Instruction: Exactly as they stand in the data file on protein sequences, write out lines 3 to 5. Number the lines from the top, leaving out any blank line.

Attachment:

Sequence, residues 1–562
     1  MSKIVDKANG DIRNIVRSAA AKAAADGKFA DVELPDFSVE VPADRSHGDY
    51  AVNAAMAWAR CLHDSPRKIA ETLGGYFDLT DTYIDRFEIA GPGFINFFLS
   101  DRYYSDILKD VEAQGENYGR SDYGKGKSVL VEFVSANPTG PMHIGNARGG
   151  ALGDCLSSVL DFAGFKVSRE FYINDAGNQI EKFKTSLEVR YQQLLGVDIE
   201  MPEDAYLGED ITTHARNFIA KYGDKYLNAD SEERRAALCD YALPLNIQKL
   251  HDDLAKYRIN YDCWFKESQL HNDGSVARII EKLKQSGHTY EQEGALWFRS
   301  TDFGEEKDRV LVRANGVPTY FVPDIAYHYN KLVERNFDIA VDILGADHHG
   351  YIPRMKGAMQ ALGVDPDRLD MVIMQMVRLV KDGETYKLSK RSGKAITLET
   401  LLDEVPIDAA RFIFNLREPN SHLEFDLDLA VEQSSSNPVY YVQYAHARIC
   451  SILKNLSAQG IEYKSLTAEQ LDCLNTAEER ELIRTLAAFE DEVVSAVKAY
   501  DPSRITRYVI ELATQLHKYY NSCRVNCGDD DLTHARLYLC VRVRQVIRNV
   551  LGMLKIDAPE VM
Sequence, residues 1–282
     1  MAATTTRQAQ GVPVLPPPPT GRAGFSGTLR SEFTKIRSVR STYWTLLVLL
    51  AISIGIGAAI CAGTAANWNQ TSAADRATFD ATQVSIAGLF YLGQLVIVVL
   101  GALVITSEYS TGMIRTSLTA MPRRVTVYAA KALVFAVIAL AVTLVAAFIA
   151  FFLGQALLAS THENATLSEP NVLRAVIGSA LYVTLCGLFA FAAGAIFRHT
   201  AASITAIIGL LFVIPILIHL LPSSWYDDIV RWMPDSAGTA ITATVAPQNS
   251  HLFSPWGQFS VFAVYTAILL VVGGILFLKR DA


    51  AVNAAMAWAR CLHDSPRKIA ETLGGYFDLT DTYIDRFEIA GPGFINFFLS
   101  DRYYSDILKD VEAQGENYGR SDYGKGKSVL VEFVSANPTG PMHIGNARGG
   151  ALGDCLSSVL DFAGFKVSRE FYINDAGNQI EKFKTSLEVR YQQLLGVDIE